·         Firing through own smoke: DR-1
·         Firing infantry DISORDERED: DR-1
·         Target is in cover: DR-1 or –2 depending on type of cover.  DR-2 for field and other fortifications, masonry buildings, and (against musketry only) solid stone walls; otherwise DR-1. 
·         Target is “dispersed” (i.e. deployed artillery, troops engaged in engineering task, skirmishers): DR-1
·         Target is mounted: DR-1
·         “Crossing target”. Target could have been fired at during move but not at its end: DR-1.
Firers cannot move in the same bound and claim “crossing target”.

6.5. Procedure for determining hits and casualties:
6.5.1 General:
The firing on both sides is held to take place simultaneously within any given bound.
Each target, be it a unit (battalion regiment or battery), sub-unit or formation, may be fired upon by several units (and sub-units etc), but all such fires are adjudicated at once.  Clearly, therefore, before adjudicating firing, firers and targets must be declared.

6.5.2 Modifying hits to determine casualties:
Once the number of hits upon a given target has been determined, they are divided up into groups of eight (supposing there were at least eight hits) plus a remainder group. 
For each group, a number of dice are rolled equal to the hits represented by the group – 8 dice for 8 hits; 5 dice for 5 hits, say. 
Again for each group, the scores are not counted, but for every pip score that appears more than once, the duplicates are removed, leaving just one die with that score. 
Now the number of dice remaining in the group represents the number of casualties represented by that group.
All these are added for each group to determine the total casualties inflicted upon the target.

 6.5.3. Example:
The Grenadier Guards, a foot battery and a detachment of light infantry together achieve 11 hits upon the 101st Infantry of the Line.
1.    This gave a group of 8 hits and a group of 3 hits.
2.    For the first group, 8 dice were rolled, with the following scores:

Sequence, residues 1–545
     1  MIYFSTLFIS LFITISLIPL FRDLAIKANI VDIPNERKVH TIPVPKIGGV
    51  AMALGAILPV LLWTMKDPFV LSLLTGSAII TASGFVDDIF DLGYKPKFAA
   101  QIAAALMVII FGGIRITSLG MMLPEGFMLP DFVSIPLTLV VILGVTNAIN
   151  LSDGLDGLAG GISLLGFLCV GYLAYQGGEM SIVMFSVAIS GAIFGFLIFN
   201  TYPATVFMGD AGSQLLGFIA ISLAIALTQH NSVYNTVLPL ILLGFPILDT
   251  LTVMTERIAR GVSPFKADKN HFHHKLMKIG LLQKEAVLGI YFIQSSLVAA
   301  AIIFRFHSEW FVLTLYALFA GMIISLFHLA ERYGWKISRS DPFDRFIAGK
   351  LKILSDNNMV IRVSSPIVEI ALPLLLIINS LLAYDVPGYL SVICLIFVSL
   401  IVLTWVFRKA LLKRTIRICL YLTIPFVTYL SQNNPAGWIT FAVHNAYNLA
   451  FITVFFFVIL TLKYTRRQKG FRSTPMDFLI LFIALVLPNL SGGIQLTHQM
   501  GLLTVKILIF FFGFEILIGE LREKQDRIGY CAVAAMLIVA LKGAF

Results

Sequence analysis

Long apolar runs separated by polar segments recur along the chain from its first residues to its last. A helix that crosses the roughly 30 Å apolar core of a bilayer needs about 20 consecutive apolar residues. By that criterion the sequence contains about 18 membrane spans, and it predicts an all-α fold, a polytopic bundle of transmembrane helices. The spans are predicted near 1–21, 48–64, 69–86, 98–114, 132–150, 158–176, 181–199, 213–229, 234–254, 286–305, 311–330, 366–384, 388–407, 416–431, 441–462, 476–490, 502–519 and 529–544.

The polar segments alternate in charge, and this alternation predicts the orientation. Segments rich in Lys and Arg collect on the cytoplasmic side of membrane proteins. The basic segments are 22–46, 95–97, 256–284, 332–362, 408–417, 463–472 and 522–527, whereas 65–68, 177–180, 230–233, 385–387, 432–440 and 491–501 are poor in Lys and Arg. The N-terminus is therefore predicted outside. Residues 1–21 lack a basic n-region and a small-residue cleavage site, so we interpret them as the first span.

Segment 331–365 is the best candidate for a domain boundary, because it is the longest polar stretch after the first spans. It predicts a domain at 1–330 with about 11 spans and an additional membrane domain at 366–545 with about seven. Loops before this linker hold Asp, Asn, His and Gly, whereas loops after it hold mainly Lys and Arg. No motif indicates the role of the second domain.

1,1,2,4,5,5,6,6.  Since the 1s, 5s and 6s appeared more than once, the duplicates were removed, leaving just 1 of each remaining:
There were 5 distinct scores (or 5 dice remaining) therefore 5 casualties inflicted by this group of hits.
3.    Repeat the process for the group of 3 hits:
3,3,5.  Since there were 2 3s, take one of them away, leaving 2 dice.
These two represent 2 casualties inflicted by this group of hits
4.    Add the casualties inflicted overall: 5+2=7.  The 101st Infantry of the Line lose 7 figures to that firing.

 8.  Morale
8.1. Morale factors:
·         Guards, Elite = 6
·         Standard line troops = 5
·         Militia, Landwehr, Cossacks = 4
Take 1 (-1) from Morale Factor (MF) for the first 20% loss incurred by the unit or the formation as a whole if the unit is part of a Brigade Column or Ordre Mixte,  and for each further 10% (of original strength of the unit or formation, as appropriate) thereafter.
Add 1 (+1) to MF for unit (NOT formation) in protective cover (viz: behind and within 5cm of masonry walls or revetted earthworks; within masonry buildings, or prepared fortifications).
Add 1 (+1) to MF for unit or formation that has an accompanying general.

8.2. Occasions for testing:
·         Unit or formation having lost melee (close combat) this turn;
·         Testing unit having lost at least 10% this turn;
·         A Brigade Column – including Ordre Mixte - will test as a whole if any one of its constituent units loses in one turn at least 10% if its original strength;
·         Unit or formation’s losses reach 50%;
·         Unit attempting to rally from rout.

8.3. Results of testing:
Current state of Unit/Formation
DR <= MF
(Die roll not greater than modified Morale Factor)
DR = MF+1
DR = MF+2
DR >= MF+3
Advancing or charging
Continue as ordered next turn.
Halt.  Charging troops halt 5cm from enemy.  May fire if moved half or less allowed distance.
Fall back at once half to full move facing enemy.  May fire next turn.
Break and rout.  Move full distance in rout, with backs to the cause of the rout.
Continue as ordered next turn.
Fall back at once half to full move facing enemy. May fire next turn.
Break and rout.
Move full distance in rout, with backs to the cause of the rout.
Break and rout.
Move full distance in rout, with backs to the cause of the rout.
Falling back or retiring in the face of the enemy
Continue as ordered next turn.
Break and rout.
Move full distance in rout, with backs to the cause of the rout.
Break and rout.
Move full distance in rout, with backs to the cause of the rout.
Break and rout.
Move full distance in rout, with backs to the cause of the rout.
Halt. Spend 2 moves rallying from rout; forming up in any formation.
Break and rout.
Move full distance in rout, with backs to the cause of the rout.
Break and rout.
Move full distance in rout, with backs to the cause of the rout.
Break and rout.
Move full distance in rout, with backs to the cause of the rout.

The Play Test.
Turn 1:

 In the following action, a French Divisional (or Brigade) column of 3 regiments (battalions) in line is attempting to storm an Austrian position occupied by two regiments (battalions) in line.  As the action opens, the column is outside musketry range of the Austrians.  The ruler indicates how far they can move this turn.